The Corner

Obama Flouts Congress, Orders DOJ to Buy White-Elephant Illinois Prison

So I’m in the middle of writing an “I told you so” post about Libya and, wouldn’t you know it, I have to stop so I can write an “I told you so” post about the Thomson prison in Illinois.

Recall that Thomson is the white-elephant “state of the art” detention center that the Democrats who run President Obama’s home state insisted be built but then could not fill with prisoners — which was predictable given how activists such as State Senator Barack Obama and his side-kick, terrorist emeritus Bill Ayers, complained incessantly that there were already too many people in Illinois’s jails. In 2009, the president proposed using federal money to buy the prison, which would enable him to kill two birds with one “stimulus”: (a) fulfill a promise to his Bush-deranged base to shut down the “gulag” at Gitmo, while (b) socializing the costs of his Illinois colleagues’ fiscal recklessness onto the citizens of the other 49 states. 

Obama has been blocked by bipartisan congressional opposition. So, as is his wont, he is now imperiously ignoring the naysayers, and has directed the Justice Department to go ahead and buy the prison from Illinois, using “unobligated” funds in Justice’s budget.

The move is drawing irate responses from key members of Congress, such as Representatives Frank Wolf and Hal Rogers of the House Appropriations Committee, and Pete King, who chairs the Homeland Security Committee. But the question, of course, is whether they will do anything about it. Congress is not without remedies here; it can start slashing money from the Justice Department’s budget and other areas where the administration will feel it. To this point, though, despite serial provocations, they’ve shown no indication of a willingness to do that.

The Republican establishment, which gets cover from the Republican punditocracy, lamely claims that the GOP only controls “one-half of one-third of the government” and therefore can’t do anything about Obama’s profligacy as long as he is backed in it by the Democrat-controlled Senate. It is nonsense: Can you imagine the Supreme Court ever saying, “Gee, we can’t foist our preferences on the country because, after all, we’re only one-third of the government — and we’re not even elected”? We don’t have separation of powers by percentage; we have separation of powers by constitutionally assigned responsibilities.

As I’ve observed before in addressing Thomson, “The Constitution requires all revenue bills to originate in the House, a requirement the House has traditionally construed to extend to all spending bills. Republican leadership would have you believe that out-of-control government spending is on autopilot. GOP leaders want you to think that, when an executive agency like the Justice Department goes rogue, they are simply powerless to start slashing its budget. But the spending and the taxes necessary to support executive malfeasance can happen only with the House’s complicity.”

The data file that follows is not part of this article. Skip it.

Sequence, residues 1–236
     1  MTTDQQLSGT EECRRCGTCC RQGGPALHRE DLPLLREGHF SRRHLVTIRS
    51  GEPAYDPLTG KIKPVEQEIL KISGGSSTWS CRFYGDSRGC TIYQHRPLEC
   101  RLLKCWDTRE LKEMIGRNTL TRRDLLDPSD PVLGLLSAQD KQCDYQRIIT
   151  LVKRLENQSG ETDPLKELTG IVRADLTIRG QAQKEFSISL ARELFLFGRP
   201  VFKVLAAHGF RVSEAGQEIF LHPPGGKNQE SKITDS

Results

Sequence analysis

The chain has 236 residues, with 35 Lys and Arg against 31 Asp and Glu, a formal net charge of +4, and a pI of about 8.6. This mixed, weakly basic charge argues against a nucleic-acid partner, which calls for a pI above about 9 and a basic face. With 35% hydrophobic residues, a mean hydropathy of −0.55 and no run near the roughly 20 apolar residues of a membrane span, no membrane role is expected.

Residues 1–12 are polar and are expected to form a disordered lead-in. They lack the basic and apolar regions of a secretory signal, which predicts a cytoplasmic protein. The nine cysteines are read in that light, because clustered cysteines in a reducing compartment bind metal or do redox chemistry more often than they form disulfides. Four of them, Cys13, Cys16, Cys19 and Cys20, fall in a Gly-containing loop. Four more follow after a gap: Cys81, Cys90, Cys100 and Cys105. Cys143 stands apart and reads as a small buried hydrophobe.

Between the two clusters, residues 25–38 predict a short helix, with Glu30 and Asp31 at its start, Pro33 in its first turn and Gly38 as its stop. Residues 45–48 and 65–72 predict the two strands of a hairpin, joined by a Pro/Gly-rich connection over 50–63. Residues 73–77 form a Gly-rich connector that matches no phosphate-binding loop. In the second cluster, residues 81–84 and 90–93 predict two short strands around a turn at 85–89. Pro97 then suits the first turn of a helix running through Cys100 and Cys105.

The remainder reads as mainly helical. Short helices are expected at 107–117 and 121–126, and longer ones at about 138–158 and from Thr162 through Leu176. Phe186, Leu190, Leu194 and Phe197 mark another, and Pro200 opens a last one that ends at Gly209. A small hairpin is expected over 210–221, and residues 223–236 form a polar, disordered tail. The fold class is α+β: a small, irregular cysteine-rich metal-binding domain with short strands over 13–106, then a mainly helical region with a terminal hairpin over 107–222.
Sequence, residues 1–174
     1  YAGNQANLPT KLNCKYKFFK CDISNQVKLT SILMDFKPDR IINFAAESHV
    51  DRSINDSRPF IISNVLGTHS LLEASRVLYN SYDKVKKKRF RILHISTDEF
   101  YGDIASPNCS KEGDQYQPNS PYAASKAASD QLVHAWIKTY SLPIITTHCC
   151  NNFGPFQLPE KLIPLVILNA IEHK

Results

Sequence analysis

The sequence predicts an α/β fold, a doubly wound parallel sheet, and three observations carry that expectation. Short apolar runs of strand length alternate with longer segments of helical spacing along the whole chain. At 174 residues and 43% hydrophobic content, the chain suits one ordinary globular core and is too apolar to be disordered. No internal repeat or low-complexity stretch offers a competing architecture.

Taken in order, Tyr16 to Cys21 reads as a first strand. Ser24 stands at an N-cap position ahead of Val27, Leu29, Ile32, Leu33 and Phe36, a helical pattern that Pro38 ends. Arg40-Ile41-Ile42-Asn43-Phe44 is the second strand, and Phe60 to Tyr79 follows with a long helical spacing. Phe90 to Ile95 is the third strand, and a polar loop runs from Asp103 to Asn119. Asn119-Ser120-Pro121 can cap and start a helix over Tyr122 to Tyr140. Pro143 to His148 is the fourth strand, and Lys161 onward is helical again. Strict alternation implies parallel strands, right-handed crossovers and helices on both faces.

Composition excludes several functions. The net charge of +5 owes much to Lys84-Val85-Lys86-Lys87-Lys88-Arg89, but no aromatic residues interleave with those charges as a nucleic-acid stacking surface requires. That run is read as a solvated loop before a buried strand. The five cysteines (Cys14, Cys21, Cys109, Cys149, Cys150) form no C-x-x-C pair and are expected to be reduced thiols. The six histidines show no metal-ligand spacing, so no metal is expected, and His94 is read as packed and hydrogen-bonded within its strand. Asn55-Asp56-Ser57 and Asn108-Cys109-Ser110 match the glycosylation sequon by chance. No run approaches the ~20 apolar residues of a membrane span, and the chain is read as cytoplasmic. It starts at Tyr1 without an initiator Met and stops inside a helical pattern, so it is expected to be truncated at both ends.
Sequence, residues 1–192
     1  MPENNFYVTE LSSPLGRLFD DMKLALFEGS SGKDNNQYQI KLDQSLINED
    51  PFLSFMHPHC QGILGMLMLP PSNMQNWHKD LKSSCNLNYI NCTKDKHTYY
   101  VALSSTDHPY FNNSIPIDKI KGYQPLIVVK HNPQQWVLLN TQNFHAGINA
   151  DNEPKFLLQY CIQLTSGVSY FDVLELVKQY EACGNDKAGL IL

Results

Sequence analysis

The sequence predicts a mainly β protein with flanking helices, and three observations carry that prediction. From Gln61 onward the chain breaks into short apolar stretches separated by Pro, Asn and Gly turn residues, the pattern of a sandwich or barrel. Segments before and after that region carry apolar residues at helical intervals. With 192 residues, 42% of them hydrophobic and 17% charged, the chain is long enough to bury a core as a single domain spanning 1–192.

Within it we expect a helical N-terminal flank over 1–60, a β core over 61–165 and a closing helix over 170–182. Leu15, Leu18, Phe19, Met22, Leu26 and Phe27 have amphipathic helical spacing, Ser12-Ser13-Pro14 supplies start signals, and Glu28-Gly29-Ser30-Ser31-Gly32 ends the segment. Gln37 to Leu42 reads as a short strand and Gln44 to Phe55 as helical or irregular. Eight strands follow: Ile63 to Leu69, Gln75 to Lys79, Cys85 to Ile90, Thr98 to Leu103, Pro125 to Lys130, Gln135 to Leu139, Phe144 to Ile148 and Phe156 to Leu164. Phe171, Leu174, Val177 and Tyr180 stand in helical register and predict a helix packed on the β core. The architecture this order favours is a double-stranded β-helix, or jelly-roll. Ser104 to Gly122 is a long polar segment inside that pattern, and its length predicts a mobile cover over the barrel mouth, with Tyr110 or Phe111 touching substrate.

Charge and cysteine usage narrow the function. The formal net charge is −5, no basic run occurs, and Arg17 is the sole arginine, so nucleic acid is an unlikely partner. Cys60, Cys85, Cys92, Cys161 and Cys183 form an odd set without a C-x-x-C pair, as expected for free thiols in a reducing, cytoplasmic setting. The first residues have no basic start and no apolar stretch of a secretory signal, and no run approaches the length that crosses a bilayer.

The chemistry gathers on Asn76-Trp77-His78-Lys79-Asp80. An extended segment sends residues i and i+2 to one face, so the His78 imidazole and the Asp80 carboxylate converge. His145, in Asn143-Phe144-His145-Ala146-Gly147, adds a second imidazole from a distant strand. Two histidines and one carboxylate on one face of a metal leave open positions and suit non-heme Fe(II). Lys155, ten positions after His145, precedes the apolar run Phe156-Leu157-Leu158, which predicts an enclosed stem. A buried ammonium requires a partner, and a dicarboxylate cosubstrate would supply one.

Yes, the Senate can stop the House from retracting money already appropriated, but the Senate can’t force the House to fund government at the level it is currently funded. That is only happening because Republicans are going along with it. There is no reason why the Justice Department needs to have unobligated funds at all — Congress can itemize the spending it is authorizing down to the penny. There is no reason why, for every $1 the administration spends against the popular will, Congress can’t take away $10 (or a lot more) from its budget. There is no reason why Congress can’t enact a law saying, “not one penny of public money for Thomson,” and dare Democrats to vote against it in an election year. All they need is the will to do it.

Of course, they’d need to be in session to exhibit that will, but they are not. Speaker Boehner orchestrated one of the earliest election-year congressional exoduses from Washington in the last half-century — and in the four months from August 3 through Congress’s scheduled post-election return on November 14, our lawmakers will have put in eight days of work. In sum, then, the brazen Obama directive to buy the white-elephant jail is a window into what Americans can expect from an Obama second term — or even, if Romney should win, from the ten weeks between Election Day and Inauguration Day.

Imagine Obama, no longer concerned about political accountability, and confronted by a Congress that, for all its whining, is unwilling to use the powers the framers gave it to rein in a runaway executive. He will govern against the will of the American people: opening Thomson; closing Gitmo; transferring the Blind Sheik; funding the Muslim Brotherhood; supporting the Brotherhood and its Islamist allies in Syria just as he did in Libya and Egypt; closing Gitmo; showing Putin “more flexibility” on our defenses; moving ahead with the Organization of Islamic Cooperation on restricting free speech; signing the U.S. on to other unpopular international conventions; and so on. Maybe we can take ten more weeks of this stuff, but four more years . . . ?

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